1/ Rudy Giuliani conceded that he made “false” and defamatory statements that two Georgia election workers had mishandled ballots while counting votes in Atlanta during the 2020 election. Although Giuliani is no longer contesting the accusations by Ruby Freeman and Shaye Moss, he argued that his false claims were “constitutionally protected” speech and didn’t damage the women. In 2021, Freeman and Moss sued Giuliani, accusing him of defaming them when he falsely claimed they had engaged in fraud while counting ballots at State Farm Arena in Atlanta. The lawsuit also accused Giuliani of promoting a selectively edited video that purportedly showed the two women manipulating ballots, which made them the targets of a conspiracy theory spread by Trump and his allies. (Associated Press / NPR / CNN / Washington Post / New York Times / NBC News / Wall Street Journal)
2/ Hunter Biden pleaded not guilty to federal tax charges after the judge refused to accept the terms of his initial plea deal. Biden originally agreed to plead guilty to two misdemeanor tax crimes he committed in 2017 and 2018 with prosecutors agreeing to recommend probation. Prosecutors had also agreed not to pursue a separate felony gun-possession charge as long as Biden remains drug-free and agrees to never own a firearm again. Instead, Judge Maryellen Noreika, a Trump appointee, asked that the lawyers from both sides to clarify and limit the scope of the immunity deal after questioning whether the deal would protect Biden from the potential future criminal charges. The hearing ended with Biden pleading not guilty for the time being. He’s expected to reverse that plea if a new agreement meets Noreika’s approval. (New York Times / NBC News / CNN / Washington Post / NPR / ABC News / CNBC / Bloomberg / Wall Street Journal)
3/ The Federal Reserve raised interest rates to the highest level in 22 years. For the 11th time in 17 months, the Fed raised the benchmark federal-funds rate from roughly 5.1% to 5.3%, after pausing rate increases in June. Inflation cooled in June to 3% from a peak of 9.1%, but remains above the Federal Reserve’s target of 2%. “Inflation has moderated somewhat since the middle of last year,” Chair Jerome Powell said. “Nonetheless, the process of getting inflation back down to 2% has a long way to go.” Congressional Budget Office, meanwhile, estimates that the U.S. economy will avoid slipping into a recession with GDP projected to rise at a 0.4% annual rate in the second half of this year. (Associated Press / Bloomberg / Wall Street Journal / NPR / Washington Post / New York Times / ABC News / NBC News / CNN / CNBC)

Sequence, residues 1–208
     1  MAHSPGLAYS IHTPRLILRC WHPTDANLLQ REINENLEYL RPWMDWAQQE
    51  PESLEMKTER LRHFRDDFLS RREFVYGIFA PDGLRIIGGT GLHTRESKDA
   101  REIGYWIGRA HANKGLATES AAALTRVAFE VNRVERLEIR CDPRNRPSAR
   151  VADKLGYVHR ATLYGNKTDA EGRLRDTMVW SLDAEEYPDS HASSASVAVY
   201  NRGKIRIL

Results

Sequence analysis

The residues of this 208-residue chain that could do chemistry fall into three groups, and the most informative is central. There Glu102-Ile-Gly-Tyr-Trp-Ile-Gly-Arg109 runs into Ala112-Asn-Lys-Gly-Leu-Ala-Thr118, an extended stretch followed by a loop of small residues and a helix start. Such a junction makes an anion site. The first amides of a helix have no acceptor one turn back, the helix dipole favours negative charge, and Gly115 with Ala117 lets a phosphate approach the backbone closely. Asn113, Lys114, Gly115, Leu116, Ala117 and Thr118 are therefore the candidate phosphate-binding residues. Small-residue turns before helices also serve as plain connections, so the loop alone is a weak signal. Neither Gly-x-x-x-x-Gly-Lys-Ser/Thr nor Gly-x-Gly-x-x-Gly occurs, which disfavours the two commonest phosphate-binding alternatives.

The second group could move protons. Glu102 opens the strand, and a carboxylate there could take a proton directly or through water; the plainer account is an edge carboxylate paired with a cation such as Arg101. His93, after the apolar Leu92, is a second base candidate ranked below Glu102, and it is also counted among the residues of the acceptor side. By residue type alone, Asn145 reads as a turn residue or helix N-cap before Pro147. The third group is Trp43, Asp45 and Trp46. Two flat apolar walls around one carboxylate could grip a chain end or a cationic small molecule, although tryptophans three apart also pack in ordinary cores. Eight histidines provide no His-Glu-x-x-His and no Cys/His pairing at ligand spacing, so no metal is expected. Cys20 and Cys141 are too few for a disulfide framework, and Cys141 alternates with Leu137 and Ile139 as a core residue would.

4/ A former national intelligence official turned-whistleblower testified that the U.S. is concealing a longstanding program that retrieves and reverse engineers UFOs. David Grusch appeared before the House Oversight Committee’s national security subcommittee alongside two former fighter pilots who had firsthand experience with “unidentified anomalous phenomena,” a phrase the federal government uses to refer to what are commonly known as UFOs. Grusch told lawmakers that during his work with a UAP task force, he was denied access to a UAP crash-retrieval and reverse-engineering program that had existed for decades. He added that the U.S. likely has been aware of “non-human” activity since the 1930s and claimed that the government has recovered “non-human biologics” from crashed UAPs. The Defense Department, meanwhile, said it “has not discovered any verifiable information to substantiate claims that any programs regarding the possession or reverse-engineering of extraterrestrial materials have existed in the past or exist currently.” (Associated Press / NBC News / CBS News / New York Times / CNN / Wall Street Journal)
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